TF: You might be aware that a new management system went into effect a year and a half ago for bottom dwelling species like cod, haddock, flounder and pollock – New England best sellers. Over the past year and a half, have you noticed any changes that have affected your business? e.g. In how much seafood is available, price fluctuations, diversity of species, size of fish? 

RG: I am working on a system direct with the fishermen I buy from here in New England to be able to use their relationships to source the seafood I am looking for. Cod, for example, should be from a hook and line fisherman. So if my fishermen friends in Rhode Island aren’t catching any cod, they reach out to their friends in Cape Cod, Scituate, Mass. or further north to see if anyone is landing what I am looking for. Again this takes more time on my end and the fisherman’s end, but the relationships are there to be able to do this successfully.

Price has fluctuated a bit in the last 18 months or so. I have started to work with a group of fishermen who are setting a fair price for their seafood and sticking to that price for a one year commitment despite what the market is doing. I have found that although at times I might be paying slightly more than the chef next to me, most of the time I am paying less. I also bring in whole fish as much as possible to reduce the initial cost and also have all the parts of the animal to work with. This allows me to generate more revenue and create new features that I otherwise could not have had if I had brought in a pre-portioned product.

TF: Are you seeing new species come to market, perhaps types of fish that we used to see more often and are making a comeback? 

RG: I am a huge fan of new species. In the last 30 days, I have sold dogfish, sea robin and scup. All of these are species that are in abundance, typically considered a “trash” fish but are wonderful to eat and also give us an advantage when competing for a guest’s business. We have extensive server training programs that teach our staff how to sell the species that are uncommon.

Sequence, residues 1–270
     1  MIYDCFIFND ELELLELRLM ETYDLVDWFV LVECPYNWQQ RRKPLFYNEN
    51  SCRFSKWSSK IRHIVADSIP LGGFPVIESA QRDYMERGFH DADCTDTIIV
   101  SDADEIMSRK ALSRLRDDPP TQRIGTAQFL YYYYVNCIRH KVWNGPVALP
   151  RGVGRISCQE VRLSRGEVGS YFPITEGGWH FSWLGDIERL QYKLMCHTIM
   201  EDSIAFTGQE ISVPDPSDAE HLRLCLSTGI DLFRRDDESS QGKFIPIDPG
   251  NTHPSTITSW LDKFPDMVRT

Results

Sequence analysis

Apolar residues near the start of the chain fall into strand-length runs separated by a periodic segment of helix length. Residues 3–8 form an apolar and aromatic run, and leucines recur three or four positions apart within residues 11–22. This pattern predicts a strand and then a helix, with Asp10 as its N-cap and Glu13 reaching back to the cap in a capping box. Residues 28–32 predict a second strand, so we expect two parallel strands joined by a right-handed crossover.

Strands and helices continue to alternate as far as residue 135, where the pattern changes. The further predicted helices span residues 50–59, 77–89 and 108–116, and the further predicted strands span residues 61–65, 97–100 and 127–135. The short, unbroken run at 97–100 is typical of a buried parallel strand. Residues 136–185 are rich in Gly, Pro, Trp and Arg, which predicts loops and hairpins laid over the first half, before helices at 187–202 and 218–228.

TF: Do you have any ideas for using all parts of a fish? 

Whole fish display at 606 Congress’s “Head to Tail Fin” Dinner. (Photo courtesy of 606 Congress.)

RG: We just did a Head to Tail Fin dinner on October 13th. Monkfish, for example, was made into a carpaccio, and we also used the monkfish liver and bones in a sauce and the skin and gills were deep fried to provide a salty crispy texture much like bacon. We served cod tongue relish and fried cod cheeks for the dinner, and we saved the meat for use in the restaurant and used the bones to make a fish stock for soups.

One other thing that we have done is taking striped bass heads and cooking them in our Winston CVAP oven (low temperature vapor technology) at 155° F for three hours. Then, we pick the meat from the head and make a fish head terrine. The natural gelatin in the fish binds the meat together as it cools.

TF: Would you like to share a recipe featuring a New England seafood item? 

Marinated  Point Judith Longfin Squid  Salad

  • 3 pounds cleaned squid, tubes and tentacles
  • 3 tablespoons lemon juice
  • 3 tablespoons red wine vinegar
  • 3 tablespoons extra-virgin olive oil
  • 2 medium garlic cloves, minced
  • 1  teaspoon salt
  • 3/4 teaspoon black pepper
  • 1  small red onion, halved lengthwise, then thinly sliced crosswise
  • 25 pitted kalamata olives, halved lengthwise
  • 3 cups cherry or grape tomatoes, halved
  • 2 small red bell peppers, julienned
  • 1 1/3 cups loosely packed fresh flat-leaf parsley leaves
  • 1 cup loosely packed fresh basil leaves

1.       Rinse squid and pat dry with paper towels. Halve clusters of tentacles lengthwise, and cut bodies into 1/3” wide rings.

2.       Cook squid in a 5-quart pot of boiling water until just opaque, 60-90 seconds.  Drain in a colander and immediately transfer to a bowl of ice water to stop cooking. When squid is cool, drain and pat dry.

3.       In a small bowl, whisk together lemon juice, vinegar, oil, garlic, salt and pepper.

4.   In a large bowl, combine squid, onion, olives, tomatoes, red pepper, parsley and basil. Toss with dressing and season to taste with salt and pepper. Let stand at least 15 minutes before serving.